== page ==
WorldCat Identities

Zingales, Luigi

Works: 236 works in 1,150 publications in 4 languages and 7,589 library holdings
Genres: History 
Roles: Author, Editor, Contributor, Redactor, Creator
Publication Timeline
Most widely held works by Luigi Zingales
Saving capitalism from the capitalists : unleashing the power of financial markets to create wealth and spread opportunity by Raghuram G Rajan( Book )

28 editions published between 2003 and 2014 in English and Dutch and held by 933 WorldCat member libraries worldwide

"Saving Capitalism from the Capitalists is a groundbreaking book that will radically change our understanding of the capitalist system, particularly the role of financial markets. They are the catalyst for inspiring human ingenuity and spreading prosperity. The perception of many, especially in the wake of never-ending corporate scandals, is that financial markets are parasitic institutions that feed off the blood, sweat, and tears of the rest of us."--Jacket
A capitalism for the people : recapturing the lost genius of American prosperity by Luigi Zingales( Book )

24 editions published between 2012 and 2015 in 3 languages and held by 592 WorldCat member libraries worldwide

Argues for strategic reforms in American economics that will foster free-market practices, adjust focus away from big business and enable more balanced distributions of wealth
The great reversals : the politics of financial development in the 20th century by Raghuram Rajan( Book )

34 editions published between 2000 and 2001 in English and held by 232 WorldCat member libraries worldwide

We show that the development of the financial sector does not change monotonically over time. In particular, we find that by most measures, countries were more financially developed in 1913 than in 1980 and only recently have they surpassed their 1913 levels. This pattern is inconsistent with most recent theories of why cross-country differences in financial development do not track differences in economic development, since these theories are based upon time-invariant factors, such as a country's legal origin. We propose instead an 'interest group' theory of financial development. Incumbents oppose financial development because it breeds competition. The theory predicts that incumbents' opposition will be weaker when an economy allows both cross-border trade and capital flows. This theory can go some way in accounting for the cross-country differences and the time series variation of financial development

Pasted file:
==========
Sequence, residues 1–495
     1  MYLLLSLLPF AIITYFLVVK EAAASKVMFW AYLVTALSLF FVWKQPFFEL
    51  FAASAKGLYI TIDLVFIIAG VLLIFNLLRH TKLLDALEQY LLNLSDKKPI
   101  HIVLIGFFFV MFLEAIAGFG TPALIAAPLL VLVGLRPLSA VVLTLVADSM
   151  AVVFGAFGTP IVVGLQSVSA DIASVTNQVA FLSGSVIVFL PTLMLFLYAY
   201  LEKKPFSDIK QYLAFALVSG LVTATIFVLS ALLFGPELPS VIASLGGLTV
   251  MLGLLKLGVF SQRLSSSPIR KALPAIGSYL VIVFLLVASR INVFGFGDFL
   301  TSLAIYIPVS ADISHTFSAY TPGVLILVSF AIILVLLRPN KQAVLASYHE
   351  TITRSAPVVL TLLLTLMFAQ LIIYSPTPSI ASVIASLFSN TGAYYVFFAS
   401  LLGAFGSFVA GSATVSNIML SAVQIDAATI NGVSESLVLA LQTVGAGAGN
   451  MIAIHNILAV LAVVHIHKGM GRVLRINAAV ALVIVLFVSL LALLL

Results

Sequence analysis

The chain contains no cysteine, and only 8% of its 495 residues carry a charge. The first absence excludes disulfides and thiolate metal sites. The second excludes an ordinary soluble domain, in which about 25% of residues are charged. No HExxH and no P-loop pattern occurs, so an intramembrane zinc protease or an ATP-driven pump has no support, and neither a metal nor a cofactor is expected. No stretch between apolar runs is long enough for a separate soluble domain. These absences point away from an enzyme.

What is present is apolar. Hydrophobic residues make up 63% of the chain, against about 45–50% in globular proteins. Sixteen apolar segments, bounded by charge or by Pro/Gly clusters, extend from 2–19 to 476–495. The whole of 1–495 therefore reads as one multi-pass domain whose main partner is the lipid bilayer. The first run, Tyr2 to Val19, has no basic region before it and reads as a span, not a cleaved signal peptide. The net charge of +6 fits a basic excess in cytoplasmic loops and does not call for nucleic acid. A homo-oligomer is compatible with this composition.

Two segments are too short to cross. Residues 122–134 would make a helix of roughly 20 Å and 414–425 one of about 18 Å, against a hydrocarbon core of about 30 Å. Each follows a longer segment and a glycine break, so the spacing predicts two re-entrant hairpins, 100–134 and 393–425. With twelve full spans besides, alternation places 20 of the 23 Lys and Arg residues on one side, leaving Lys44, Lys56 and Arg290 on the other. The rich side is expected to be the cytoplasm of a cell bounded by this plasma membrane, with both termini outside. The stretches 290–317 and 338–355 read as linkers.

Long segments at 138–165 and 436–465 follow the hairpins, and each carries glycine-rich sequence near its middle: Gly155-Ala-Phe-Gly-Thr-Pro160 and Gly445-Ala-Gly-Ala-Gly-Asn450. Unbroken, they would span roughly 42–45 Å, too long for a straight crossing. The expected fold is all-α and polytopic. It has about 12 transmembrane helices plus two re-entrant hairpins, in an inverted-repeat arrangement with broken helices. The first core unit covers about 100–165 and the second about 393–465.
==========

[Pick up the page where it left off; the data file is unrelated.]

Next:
The corporate governance role of the media by Alexander Dyck( )

29 editions published between 2002 and 2006 in English and held by 184 WorldCat member libraries worldwide

We study the effect of media coverage on corporate governance by focusing on Russia in the period 1999-2002. This setting offers us three ideal conditions for such a study: plenty of corporate governance violations, no alternative mechanisms to address them, and the presence of an investment fund (the Hermitage) that actively lobbies the international press to shame companies perpetrating those violations. We find that Hermitage's lobbying is effective in increasing the coverage of corporate governance violations in the Anglo-American press. We also find that coverage in the Anglo-American press increases the probability that a corporate governance violation is reversed. This effect is present even when we instrument coverage with an exogenous determinant, i.e. the Hermitage's portfolio composition at the beginning of the period. The Hermitage's strategy seems to work in part by impacting Russian companies' reputation abroad and in part by forcing regulators into action
Corporate governance by Luigi Zingales( Book )

26 editions published between 1997 and 1998 in English and held by 140 WorldCat member libraries worldwide

This essay summarizes my own personal view of what corporate governance is about. I" argue that it makes sense to discuss corporate governance only in an incomplete contract world." In this world, the notion of corporate governance is intrinsically related to the definition of the" firm. In this respect, I review the shortcomings of the existing definitions of the firm and the" possible applications of the idea that the firm is a specific investments" introduced by" Rajan and Zingales (1997a and 1997b). I conclude discussing the limitations of the incomplete" contracts approach to corporate governance
Survival of the fittest or the fattest? : exit and financing in the trucking industry by Luigi Zingales( Book )

22 editions published between 1995 and 1998 in English and Undetermined and held by 138 WorldCat member libraries worldwide

This paper studies the impact that capital market imperfections have on the natural" selection of the most efficient firms by estimating the effect of the pre-deregulation level of" leverage on the survival of trucking firms after the Carter deregulation. Highly leveraged" carriers are less likely to survive the deregulation shock, even after controlling for various" measures of efficiency. This effect is stronger in the imperfectly competitive segment of the" motor carrier industry. High debt seems to affect survival by curtailing investments and reducing" the price per-ton-mile that a carrier can afford to charge after deregulation."